Antitrust is a useful tool for when players end up controlling monopolies and using them in anti-competitive ways.
Sure, they have complete control over who publishes on their own platform, but that sort of thing happens all the time without anyone batting an eyelash at it: The major console vendors do this, as did all cell phone vendors in the pre-smartphone era. My digital camera does this.
That leaves me thinking there's no real ground for invoking antitrust laws on this issue. Though there's still plenty of room to say that these policies are consumer-hostile and not in the public interest, and therefore there ought to be a law against it.
Philosophically interesting perhaps, but legally irrelevant. EU competition law is primarily concerned with dominant market positions and the abuse of that dominance. As the junior partner in a duopoly, Apple are inarguably powerful enough to substantially manipulate the market.
40% share is certainly a much lower bar than in the US, but would still not apply to Apple's share of EU smartphones.
Smart watches, on the other hand…
From your source:
>The Commission also takes other factors into account in its assessment of dominance, including the ease with which other companies can enter the market – whether there are any barriers to this; the existence of countervailing buyer power; the overall size and strength of the company and its resources and the extent to which it is present at several levels of the supply chain (vertical integration).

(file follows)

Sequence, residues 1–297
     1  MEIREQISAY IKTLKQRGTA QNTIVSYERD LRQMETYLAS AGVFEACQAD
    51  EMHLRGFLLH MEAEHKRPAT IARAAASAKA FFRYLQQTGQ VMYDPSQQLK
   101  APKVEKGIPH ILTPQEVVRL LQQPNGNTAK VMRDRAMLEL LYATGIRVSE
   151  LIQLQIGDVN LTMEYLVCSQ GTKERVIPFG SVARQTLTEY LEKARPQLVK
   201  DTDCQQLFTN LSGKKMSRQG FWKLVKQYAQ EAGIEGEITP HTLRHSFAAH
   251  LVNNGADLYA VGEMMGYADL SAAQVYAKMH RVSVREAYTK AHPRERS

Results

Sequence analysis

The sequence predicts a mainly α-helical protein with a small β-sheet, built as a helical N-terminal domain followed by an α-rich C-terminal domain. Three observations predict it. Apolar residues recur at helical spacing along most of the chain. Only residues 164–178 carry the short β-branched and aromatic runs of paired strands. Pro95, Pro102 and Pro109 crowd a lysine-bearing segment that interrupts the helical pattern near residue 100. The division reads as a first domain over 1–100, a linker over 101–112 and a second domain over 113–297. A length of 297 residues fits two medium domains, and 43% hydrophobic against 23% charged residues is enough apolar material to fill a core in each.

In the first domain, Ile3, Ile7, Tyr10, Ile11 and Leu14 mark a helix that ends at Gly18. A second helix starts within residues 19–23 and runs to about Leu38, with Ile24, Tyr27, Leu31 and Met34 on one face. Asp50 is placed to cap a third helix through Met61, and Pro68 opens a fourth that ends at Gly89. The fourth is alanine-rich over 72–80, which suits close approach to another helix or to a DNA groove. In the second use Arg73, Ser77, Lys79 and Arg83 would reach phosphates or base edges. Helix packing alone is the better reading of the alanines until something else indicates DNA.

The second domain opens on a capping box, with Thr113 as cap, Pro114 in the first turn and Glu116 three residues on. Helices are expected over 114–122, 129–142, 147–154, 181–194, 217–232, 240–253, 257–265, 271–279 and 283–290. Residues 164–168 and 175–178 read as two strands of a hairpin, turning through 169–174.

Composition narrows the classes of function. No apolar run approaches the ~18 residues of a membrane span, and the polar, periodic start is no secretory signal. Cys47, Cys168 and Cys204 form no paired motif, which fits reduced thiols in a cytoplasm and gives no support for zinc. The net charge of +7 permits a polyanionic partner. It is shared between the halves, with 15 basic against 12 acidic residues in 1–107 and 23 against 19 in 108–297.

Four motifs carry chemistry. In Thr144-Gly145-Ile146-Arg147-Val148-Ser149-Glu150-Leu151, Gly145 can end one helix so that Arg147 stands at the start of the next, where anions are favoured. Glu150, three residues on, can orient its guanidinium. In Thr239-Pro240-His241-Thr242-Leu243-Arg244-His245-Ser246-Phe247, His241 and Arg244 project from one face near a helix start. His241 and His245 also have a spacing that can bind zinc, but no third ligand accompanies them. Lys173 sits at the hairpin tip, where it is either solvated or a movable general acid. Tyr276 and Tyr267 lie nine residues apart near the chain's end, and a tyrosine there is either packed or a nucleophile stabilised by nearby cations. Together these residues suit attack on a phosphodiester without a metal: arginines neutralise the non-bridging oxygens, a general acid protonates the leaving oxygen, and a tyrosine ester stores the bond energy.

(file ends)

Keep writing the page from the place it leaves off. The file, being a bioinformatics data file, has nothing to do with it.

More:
Apple clearly score very highly on most of these points.
the argument is markets within the ios ecosystem, of which there's effectively one, and how it affects developers' ability to build on that ecosystem.
My mistake, I was thinking of this in terms of US law, which is much less effective on these sorts of issues.
There is a stronger case against Amazon for selling Amazon-branded, well-moving products like batteries and diapers, even though they don't stifle the other brands.
Having had to take antitrust training at my company in the past few weeks, I can say that you are very mistaken if you think antitrust only kicks in when the company is a monopoly.
You can fall afoul of these conditions if you have "sufficient market power", which is a substantially broader claim than "monopoly power." I don't think there's any lawyer that would try to claim that Apple doesn't have "market power"--note that the smartphone market, from an OS perspective, is basically a duopoly.
Both Hulu and Netflix compete directly with Prime Video, and both 1) are available as free apps for Kindle and the Amazon Fire Stick TV and 2) literally rely on Amazon hardware to run through AWS.
On the other hand, you say Apple is free and clear for undercutting Spotify with their own product in a way that Spotify is incapable of competing with.